How to Detect Fake News

Our brains are powerful lie detectors, let’s use them.

Knowledge matters now, maybe more than ever. We all have the capacity to see through lies, and protect ourselves from misinformation, but those capacities must be honed, exercised and fortified on a daily basis.

The Internet abounds with fake news and misrepresentations. Here are some suggestions to help wade through the mire and get better information.

First, admit that sometimes we don’t understand. The world is an enormously complex place, and contemporary politics, economics, and social relations can get really complicated. The sheer amount and density of information on the web is overwhelming. We humans have particularly awesome brains, and one of their major functions is to help us identify when things don’t make sense. Being confused or not following an argument is a normal part of brain function, especially when it involves thinking about something outside of, or contradicting with, our experiences. Admitting we don’t fully understand how the stock market works or what gerrymandering is, is a critical first step in challenging fake news. Embracing the fact that we always have more to learn makes us better thinkers—better teachers, too.

Second, start the process of challenging what we read on the web by asking ourselves why we agree or disagree with it on a gut level. Does our reaction stem from our own life experience? What we learned in school? A book or article we’ve read? Statements by a trusted family member, partner, friend or co-worker? It just “seems” right? We often agree or disagree with information not because we’ve thought about it, but because it “fits” with what we believe. Too often we embrace our knee-jerk responses rather than stopping to consider information from a critical point-of-view. When we embrace an idea because it “fits” with our beliefs, we are showing a bias. We all have them. But we can’t learn anything new, or see clearly enough to challenge fake news, until we recognize what our biases are.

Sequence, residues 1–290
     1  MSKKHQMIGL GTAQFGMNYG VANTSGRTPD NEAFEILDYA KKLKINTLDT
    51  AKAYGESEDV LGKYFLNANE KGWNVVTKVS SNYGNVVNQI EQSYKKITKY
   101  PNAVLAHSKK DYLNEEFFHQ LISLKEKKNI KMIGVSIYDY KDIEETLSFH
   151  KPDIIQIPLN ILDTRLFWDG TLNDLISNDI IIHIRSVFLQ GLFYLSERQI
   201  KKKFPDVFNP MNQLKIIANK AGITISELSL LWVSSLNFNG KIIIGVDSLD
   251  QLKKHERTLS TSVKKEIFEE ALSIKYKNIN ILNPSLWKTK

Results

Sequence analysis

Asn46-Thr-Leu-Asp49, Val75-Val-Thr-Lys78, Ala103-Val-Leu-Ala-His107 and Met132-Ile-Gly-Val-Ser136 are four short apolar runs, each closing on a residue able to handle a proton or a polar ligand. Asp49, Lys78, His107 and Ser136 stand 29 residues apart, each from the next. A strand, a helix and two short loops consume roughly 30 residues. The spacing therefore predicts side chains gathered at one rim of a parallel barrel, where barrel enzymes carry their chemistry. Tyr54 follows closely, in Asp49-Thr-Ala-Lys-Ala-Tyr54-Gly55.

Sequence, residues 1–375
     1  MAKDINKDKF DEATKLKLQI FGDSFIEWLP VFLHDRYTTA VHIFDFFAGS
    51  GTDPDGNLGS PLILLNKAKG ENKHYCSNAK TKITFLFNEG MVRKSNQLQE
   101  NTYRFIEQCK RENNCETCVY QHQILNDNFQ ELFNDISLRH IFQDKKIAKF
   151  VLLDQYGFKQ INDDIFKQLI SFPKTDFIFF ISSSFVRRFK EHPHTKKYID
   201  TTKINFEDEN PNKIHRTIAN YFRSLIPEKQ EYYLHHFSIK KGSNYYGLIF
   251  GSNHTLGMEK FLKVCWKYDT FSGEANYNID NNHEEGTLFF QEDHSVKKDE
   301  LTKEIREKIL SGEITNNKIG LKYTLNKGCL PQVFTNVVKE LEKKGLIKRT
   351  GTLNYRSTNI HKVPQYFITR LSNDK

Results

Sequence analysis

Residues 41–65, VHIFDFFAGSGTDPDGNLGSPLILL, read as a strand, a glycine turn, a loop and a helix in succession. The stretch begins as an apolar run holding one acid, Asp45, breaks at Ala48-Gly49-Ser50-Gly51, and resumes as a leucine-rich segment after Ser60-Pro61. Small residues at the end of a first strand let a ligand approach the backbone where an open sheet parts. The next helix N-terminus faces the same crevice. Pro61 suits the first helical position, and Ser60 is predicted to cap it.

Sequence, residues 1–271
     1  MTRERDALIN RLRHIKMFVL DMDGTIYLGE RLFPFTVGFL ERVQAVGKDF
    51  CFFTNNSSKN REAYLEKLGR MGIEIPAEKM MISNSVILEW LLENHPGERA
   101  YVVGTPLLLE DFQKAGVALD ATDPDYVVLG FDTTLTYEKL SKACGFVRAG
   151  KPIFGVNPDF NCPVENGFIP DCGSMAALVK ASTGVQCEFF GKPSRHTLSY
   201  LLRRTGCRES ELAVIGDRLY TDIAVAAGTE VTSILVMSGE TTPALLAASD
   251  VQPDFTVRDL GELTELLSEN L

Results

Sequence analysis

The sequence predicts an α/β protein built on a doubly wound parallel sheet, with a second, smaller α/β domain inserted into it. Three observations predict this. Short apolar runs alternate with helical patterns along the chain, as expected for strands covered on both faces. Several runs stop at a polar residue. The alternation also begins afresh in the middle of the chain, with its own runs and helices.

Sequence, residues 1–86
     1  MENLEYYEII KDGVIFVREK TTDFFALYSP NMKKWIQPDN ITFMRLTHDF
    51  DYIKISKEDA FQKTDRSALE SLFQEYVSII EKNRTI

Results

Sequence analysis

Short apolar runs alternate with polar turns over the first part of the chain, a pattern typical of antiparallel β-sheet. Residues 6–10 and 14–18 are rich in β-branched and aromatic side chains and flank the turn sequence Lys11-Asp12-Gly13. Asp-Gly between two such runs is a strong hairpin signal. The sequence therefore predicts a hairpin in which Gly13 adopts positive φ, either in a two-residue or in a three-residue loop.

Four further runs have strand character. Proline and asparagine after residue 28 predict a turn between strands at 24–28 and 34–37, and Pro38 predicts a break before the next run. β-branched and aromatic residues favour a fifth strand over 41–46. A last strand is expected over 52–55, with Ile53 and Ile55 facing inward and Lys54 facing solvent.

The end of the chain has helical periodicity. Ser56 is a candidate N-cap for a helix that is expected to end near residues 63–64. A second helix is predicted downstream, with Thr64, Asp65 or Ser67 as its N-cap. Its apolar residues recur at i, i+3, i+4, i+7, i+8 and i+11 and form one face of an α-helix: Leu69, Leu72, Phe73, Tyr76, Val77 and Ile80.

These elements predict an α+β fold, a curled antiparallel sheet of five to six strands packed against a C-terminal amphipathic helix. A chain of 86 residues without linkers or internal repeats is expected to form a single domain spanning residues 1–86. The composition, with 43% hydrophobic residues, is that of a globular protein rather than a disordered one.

Once we’ve figured out our bias towards a bit of info we can tackle the really hard work: figuring out whether or not the information is true.

To determine if a piece of information is reliable, we need to know its origins. Ideally, we want editorially curated or at least vetted content. Information that is controlled via peer review or another form of rigorous oversight is best. Sites that have no evidence of fact-checking or just offer some negligible collection of “experts” for all their backup are sketchy. Whenever someone is labeled an “expert,” check out their credentials and what they’ve said before. A Google search can do wonders in exposing people who pretend to represent more training/skill and less bias than they actually have.